I just read a nice paper by Gabriele Contessa on the mitigation of inductive risk, cleverly titled On the Mitigation of Inductive Risk.1 His primary question is whether responsibly applying values in science should left be left to individuals or whether there ought to be community-level processes. He offers a number of arguments against the individualistic approach and briefly sketches what a socialized approach might look like.
I agree with Contessa’s negative arguments, and he introduces some helpful labels. For example: The “problem of precautionary cascades” is when individuals along the way each silently apply the same level of erring on the side of caution, so that the final outcome is exponentially more cautious than the individuals themselves would endorse.
His positive suggestion is to “involve experts from a number of different relevant disciplines as well as the relevant stakeholders in the assessment and management of inductive risk at the advisory stage.” A limitation of this strategy is that it is costly and slow. So deliberative procedures involving communication across disciplines and the community don’t make sense for every question. Sometimes the values involved are anodyne or obvious. Sometimes the evidence is so overwhelming that any plausible values would underwrite the same judgment.2 The social rigamarole is inappropriate if it’s one of those times.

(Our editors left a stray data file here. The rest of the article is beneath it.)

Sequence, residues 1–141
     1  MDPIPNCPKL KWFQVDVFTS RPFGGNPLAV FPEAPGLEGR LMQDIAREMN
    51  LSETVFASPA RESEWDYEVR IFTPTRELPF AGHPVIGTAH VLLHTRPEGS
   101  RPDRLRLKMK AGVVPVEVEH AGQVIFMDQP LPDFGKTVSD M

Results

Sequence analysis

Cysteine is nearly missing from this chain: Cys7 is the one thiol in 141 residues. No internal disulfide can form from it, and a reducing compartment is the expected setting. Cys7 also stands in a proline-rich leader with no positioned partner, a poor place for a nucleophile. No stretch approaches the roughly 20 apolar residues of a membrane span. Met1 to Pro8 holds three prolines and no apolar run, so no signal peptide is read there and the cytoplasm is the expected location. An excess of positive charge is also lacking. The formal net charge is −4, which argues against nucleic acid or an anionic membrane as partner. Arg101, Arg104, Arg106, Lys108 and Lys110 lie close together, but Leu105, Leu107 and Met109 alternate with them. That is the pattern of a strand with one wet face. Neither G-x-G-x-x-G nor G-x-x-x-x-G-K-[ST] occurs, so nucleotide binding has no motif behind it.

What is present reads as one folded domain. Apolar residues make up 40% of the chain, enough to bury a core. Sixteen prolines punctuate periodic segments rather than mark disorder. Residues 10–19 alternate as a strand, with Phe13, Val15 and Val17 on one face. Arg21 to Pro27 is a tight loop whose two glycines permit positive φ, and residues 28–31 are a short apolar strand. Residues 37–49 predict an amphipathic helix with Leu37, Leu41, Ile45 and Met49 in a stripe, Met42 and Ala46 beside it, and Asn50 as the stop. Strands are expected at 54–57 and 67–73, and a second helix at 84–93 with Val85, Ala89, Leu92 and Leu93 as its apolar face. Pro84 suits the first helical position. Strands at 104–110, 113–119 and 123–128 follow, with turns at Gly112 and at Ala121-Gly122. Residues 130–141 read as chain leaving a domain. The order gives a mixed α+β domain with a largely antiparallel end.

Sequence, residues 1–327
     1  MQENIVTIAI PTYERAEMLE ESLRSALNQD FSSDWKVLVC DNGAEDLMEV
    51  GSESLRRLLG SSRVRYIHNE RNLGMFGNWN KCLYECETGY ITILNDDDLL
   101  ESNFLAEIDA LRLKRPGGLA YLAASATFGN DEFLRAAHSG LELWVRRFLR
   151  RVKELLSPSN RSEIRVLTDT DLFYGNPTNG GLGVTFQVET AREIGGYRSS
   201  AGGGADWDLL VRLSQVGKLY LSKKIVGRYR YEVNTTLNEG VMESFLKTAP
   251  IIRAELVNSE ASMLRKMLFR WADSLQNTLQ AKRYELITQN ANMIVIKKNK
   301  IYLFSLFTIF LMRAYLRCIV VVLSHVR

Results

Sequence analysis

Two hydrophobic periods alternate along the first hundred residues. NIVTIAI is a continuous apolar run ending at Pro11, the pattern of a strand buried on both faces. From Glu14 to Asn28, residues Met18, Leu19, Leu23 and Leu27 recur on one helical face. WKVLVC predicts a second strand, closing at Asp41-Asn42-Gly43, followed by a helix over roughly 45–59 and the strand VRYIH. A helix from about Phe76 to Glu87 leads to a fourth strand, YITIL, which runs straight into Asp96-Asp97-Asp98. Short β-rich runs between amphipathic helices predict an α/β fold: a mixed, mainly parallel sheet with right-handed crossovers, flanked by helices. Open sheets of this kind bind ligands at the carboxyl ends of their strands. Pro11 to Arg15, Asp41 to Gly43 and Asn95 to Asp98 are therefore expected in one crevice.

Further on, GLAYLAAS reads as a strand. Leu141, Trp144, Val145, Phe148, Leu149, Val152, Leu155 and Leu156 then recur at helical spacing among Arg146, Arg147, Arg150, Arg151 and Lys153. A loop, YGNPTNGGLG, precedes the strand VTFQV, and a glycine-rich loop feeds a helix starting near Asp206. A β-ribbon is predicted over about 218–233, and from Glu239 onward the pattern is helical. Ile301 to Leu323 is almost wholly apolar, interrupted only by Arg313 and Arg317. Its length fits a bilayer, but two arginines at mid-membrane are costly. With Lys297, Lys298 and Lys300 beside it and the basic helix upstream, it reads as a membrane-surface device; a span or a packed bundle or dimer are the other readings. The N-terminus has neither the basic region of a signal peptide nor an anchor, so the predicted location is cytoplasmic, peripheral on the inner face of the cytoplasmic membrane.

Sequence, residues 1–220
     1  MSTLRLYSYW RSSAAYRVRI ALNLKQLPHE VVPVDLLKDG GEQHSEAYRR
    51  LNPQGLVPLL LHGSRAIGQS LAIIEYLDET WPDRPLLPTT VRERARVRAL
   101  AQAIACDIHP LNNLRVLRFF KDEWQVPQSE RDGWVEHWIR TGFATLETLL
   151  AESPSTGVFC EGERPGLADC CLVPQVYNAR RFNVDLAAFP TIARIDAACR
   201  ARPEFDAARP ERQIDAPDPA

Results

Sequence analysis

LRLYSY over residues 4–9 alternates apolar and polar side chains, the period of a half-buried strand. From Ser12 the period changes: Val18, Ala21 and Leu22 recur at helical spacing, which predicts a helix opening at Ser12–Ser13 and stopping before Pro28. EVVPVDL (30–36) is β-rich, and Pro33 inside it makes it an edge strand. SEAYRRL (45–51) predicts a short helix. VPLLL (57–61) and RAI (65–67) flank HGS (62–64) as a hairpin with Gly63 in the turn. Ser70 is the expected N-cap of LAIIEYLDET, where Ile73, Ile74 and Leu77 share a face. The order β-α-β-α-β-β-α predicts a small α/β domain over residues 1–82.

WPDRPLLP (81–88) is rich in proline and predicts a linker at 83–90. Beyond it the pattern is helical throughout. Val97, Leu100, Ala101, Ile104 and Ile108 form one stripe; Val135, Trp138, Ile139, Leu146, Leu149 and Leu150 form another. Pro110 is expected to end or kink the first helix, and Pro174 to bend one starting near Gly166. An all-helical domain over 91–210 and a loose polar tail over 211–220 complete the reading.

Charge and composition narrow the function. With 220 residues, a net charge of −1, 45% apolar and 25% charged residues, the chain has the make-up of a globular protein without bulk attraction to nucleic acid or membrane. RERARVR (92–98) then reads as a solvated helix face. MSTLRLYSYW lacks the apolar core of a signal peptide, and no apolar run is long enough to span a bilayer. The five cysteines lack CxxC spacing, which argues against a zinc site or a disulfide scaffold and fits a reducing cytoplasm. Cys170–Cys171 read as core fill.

Sadly, explicitly identifying that the values are anodyne or that the evidence is overwhelming is a separate judgement. It thus involves separate risks. Contessa calls this “the problem of second-order inductive risk”, but we can also push it to the third order and beyond. The regress must stop somewhere, in judgements which aren’t the result of collective deliberation and community consultation.
As such, the community-level approach to mitigating inductive risk requires more than just deliberative procedures for the hard cases. It also requires some guidance for identifying the hard cases, lest that fall back to just personal judgement.